Detailed reference viewed: 32 (6 ULiège)
Full Text
Peer Reviewed
See detailRevisiting global fossil fuel and biofuel emissions of ethane
Tzompa-Sosa, Z. A.; Mahieu, Emmanuel ULiege; Franco, Bruno ULiege et al

in Journal of Geophysical Research. Atmospheres (2017), 122(4), 2493--2512

Recent measurements over the Northern Hemisphere indicate that the long-term decline in the atmospheric burden of ethane (C2H6) has ended and the abundance increased dramatically between 2010 and 2014 ... [more ▼]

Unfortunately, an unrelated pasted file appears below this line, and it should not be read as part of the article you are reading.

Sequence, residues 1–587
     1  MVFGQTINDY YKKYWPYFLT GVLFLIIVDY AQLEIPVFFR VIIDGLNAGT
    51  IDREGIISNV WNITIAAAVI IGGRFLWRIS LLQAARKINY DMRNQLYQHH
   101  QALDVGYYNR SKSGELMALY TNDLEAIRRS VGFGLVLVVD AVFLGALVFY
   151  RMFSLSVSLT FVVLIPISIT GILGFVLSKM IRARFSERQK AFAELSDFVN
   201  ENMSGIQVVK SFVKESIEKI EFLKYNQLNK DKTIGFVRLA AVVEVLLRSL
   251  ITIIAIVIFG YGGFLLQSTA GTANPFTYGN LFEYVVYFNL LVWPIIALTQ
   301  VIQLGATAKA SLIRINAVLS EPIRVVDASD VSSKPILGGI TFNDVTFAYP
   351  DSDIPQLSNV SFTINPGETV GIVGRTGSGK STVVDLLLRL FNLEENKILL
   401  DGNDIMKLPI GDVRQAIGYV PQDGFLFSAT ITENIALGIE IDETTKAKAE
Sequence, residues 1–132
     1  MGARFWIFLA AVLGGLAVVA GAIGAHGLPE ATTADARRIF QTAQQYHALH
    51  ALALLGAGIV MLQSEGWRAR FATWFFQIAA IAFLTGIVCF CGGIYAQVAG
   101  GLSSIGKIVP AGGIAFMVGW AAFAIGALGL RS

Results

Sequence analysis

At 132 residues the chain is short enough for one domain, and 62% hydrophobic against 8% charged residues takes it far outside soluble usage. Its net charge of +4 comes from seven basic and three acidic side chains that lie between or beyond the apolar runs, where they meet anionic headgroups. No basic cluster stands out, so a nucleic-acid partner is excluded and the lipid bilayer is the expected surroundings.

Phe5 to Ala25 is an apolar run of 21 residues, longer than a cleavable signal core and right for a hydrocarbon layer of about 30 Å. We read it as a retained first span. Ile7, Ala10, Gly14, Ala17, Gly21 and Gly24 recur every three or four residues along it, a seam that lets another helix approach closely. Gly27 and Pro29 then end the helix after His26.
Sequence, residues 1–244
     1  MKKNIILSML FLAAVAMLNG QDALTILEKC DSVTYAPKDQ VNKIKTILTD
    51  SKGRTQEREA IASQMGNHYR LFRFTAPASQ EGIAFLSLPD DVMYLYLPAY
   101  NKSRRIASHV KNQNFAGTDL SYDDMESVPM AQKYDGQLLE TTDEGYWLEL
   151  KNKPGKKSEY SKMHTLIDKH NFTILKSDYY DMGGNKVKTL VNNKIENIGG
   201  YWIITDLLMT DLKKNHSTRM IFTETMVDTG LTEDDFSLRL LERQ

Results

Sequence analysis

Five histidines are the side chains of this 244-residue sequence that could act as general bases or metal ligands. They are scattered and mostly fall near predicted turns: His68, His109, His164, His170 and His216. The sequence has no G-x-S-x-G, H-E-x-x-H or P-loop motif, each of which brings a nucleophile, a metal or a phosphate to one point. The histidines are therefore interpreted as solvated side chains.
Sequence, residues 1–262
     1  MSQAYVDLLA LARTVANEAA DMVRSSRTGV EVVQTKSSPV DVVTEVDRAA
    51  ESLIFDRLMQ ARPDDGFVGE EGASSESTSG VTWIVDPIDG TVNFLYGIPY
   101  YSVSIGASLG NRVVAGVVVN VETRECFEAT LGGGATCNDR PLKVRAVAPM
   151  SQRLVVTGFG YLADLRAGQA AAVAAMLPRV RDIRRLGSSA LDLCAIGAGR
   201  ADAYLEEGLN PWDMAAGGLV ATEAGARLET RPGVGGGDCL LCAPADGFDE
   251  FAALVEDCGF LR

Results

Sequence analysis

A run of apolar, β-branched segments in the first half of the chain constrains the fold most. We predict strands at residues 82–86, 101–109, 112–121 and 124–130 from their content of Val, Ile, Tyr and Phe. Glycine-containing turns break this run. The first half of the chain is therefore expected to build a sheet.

Recent measurements over the Northern Hemisphere indicate that the long-term decline in the atmospheric burden of ethane (C2H6) has ended and the abundance increased dramatically between 2010 and 2014. The rise in C2H6 atmospheric abundances has been attributed to oil and natural gas extraction in North America. Existing global C2H6 emission inventories are based on outdated activity maps that do not account for current oil and natural gas exploitation regions. We present an updated global C2H6 emission inventory based on 2010 satellite-derived CH4 fluxes with adjusted C2H6 emissions over the U.S. from the National Emission Inventory (NEI 2011). We contrast our global 2010 C2H6 emission inventory with one developed for 2001. The C2H6 difference between global anthropogenic emissions is subtle (7.9 versus 7.2 Tg yr−1), but the spatial distribution of the emissions is distinct. In the 2010 C2H6 inventory, fossil fuel sources in the Northern Hemisphere represent half of global C2H6 emissions and 95% of global fossil fuel emissions. Over the U.S., unadjusted NEI 2011 C2H6 emissions produce mixing ratios that are 14–50% of those observed by aircraft observations (2008–2014). When the NEI 2011 C2H6 emission totals are scaled by a factor of 1.4, the Goddard Earth Observing System Chem model largely reproduces a regional suite of observations, with the exception of the central U.S., where it continues to underpredict observed mixing ratios in the lower troposphere. We estimate monthly mean contributions of fossil fuel C2H6 emissions to ozone and peroxyacetyl nitrate surface mixing ratios over North America of ~1% and ~8%, respectively. [less ▲]